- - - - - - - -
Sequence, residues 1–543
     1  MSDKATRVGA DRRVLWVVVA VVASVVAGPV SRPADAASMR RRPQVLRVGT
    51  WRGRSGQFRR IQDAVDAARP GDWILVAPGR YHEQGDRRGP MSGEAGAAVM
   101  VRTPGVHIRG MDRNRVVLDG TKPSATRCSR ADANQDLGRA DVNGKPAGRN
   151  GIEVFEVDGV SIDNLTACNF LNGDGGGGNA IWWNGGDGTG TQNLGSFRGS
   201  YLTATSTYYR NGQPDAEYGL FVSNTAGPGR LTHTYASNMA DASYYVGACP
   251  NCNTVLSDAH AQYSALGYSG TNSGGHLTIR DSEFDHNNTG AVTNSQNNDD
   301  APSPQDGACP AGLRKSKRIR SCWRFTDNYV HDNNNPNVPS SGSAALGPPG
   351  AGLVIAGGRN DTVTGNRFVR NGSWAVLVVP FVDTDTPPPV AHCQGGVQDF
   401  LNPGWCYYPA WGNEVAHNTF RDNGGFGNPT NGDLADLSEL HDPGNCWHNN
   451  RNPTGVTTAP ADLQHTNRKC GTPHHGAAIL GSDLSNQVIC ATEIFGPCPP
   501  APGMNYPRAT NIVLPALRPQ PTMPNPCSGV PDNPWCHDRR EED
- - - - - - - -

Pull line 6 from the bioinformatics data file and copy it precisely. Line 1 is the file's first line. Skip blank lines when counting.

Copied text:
   201  YLTATSTYYR NGQPDAEYGL FVSNTAGPGR LTHTYASNMA DASYYVGACP